Òscar Martínez Cluró, a cultural edu-manager and digital community leader in the district, coordinated the three workshops held in the Eixample. The first of them, “LOw TECnology”, was a creative workshop of machines that draw automatically with a series of recycled materials and obsolete IT parts. This workshop was held in the Cotxeres Borrell Civic Centre.
“Creation of Videogame Controls with Makey Makey” was held at the Cotxeres Borrell Civic Centre. This second workshop focused on introducing videogame programming with an intuitive, visual system based on programming by blocks.
The district’s programming also included a workshop on programming in code. “The Runaway Robot” was held in conjunction with Crec.cc, which lent the venue, and Make & Learn. In the workshops, participants learned how to programme their own robot that is capable of figuring out a maze. The electronics were simplified in order to focus on learning Arduino code from the very start.
Finally, the workshop entitled “Raspberry Pi Connected to the Internet” was held at MOB, where participants learned how to create a world map where they could see Twitter trends with the Mobile Week Barcelona hashtag in real time with coloured backlights under each continent.
With a box, a motor and several coloured crayons, the younger participants learned how to build in the workshop entitled “Let’s Build a Robot Painter” held by Òscar Martínez Cluró. Making use of recycled materials and basic concepts of electricity, the small IT experts let their imaginations soar and created a small creature in a setting filled with colour and movement. This workshop was held at Crec.cc., which lent the space, and in conjunction with the association Tres dos ú. It was a fantastic opportunity that sparked the children’s interest in technology.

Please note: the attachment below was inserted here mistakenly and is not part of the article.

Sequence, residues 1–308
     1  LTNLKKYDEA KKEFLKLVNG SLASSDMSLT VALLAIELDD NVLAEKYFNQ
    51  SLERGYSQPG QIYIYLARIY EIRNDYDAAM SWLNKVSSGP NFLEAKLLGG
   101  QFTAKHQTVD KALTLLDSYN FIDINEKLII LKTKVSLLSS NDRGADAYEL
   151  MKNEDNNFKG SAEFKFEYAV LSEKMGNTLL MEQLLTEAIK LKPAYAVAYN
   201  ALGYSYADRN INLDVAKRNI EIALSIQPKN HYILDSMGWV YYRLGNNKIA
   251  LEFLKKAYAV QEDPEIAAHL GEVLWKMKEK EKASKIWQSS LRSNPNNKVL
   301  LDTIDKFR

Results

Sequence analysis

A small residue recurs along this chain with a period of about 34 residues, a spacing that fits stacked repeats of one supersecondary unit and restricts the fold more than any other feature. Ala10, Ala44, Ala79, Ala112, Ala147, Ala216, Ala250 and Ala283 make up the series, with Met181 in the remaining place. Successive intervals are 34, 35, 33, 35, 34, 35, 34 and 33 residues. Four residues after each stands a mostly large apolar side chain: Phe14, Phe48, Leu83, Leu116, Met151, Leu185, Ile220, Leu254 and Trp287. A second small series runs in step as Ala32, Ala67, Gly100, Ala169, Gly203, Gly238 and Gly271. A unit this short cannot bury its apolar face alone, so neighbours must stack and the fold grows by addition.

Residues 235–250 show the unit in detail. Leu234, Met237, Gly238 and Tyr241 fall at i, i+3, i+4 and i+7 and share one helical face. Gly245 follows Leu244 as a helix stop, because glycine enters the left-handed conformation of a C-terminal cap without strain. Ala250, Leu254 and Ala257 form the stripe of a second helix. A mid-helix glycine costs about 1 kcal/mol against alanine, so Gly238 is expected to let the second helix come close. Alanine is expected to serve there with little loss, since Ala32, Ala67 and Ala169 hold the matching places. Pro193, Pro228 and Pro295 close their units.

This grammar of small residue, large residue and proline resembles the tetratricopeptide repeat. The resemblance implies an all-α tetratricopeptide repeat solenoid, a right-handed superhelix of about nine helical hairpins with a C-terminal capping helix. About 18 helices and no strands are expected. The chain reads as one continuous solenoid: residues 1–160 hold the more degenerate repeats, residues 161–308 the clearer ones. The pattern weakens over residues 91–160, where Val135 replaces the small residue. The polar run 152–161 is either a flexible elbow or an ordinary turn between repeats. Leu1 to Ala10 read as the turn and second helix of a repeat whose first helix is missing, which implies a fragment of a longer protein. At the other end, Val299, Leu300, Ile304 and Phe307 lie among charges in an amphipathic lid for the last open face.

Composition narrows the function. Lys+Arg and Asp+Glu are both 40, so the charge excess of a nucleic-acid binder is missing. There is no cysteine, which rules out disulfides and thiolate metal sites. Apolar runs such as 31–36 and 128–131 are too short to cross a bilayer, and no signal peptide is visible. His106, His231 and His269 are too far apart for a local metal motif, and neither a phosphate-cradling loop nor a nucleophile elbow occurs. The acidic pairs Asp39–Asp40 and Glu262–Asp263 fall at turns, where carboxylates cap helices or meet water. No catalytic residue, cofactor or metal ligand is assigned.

As part of the activities of mWeek Gallery, the Eixample presented and projected the Loop Discover “Video Art and Technology” prize winners. This prize was founded with the goal of supporting and recognising recent productions of videos and films by international artists through a call for submissions that is open and free to the art community.
Mobile Week Barcelona enjoys the cooperation and support of different entities and institutions to expand its activity programme, spread its impact and encourage the stakeholders in the city to participate more. In the Eixample district, the group Dones en Xarxa organised a gathering entitled “Cocktail&Net BCN: Ethics on the Web. How does it affect woman?”. An “Art Gallery Walk” was also held around the art galleries in the district. Furthermore, Art Barcelona, in conjunction with Loop BCN, organised an extraordinary exhibition of works related to science and technology, including the following works: Blanca Casas and Felip Martí Jofresa, “The Beach of Everything”; “La humanitat.cat” by Ferran Garcia Sevilla at the RocioSantaCruz Gallery; “The Madness of Being” by José Maria Sicilia at the Joan Prats Gallery; “Encounters” by Pablo Arnesto at the Marlborough Gallery, “Installation” by Neil Albertí at the n2 Gallery; and “Empty Page – Protecting Your Own” by Pep Vidal at the ADN Gallery.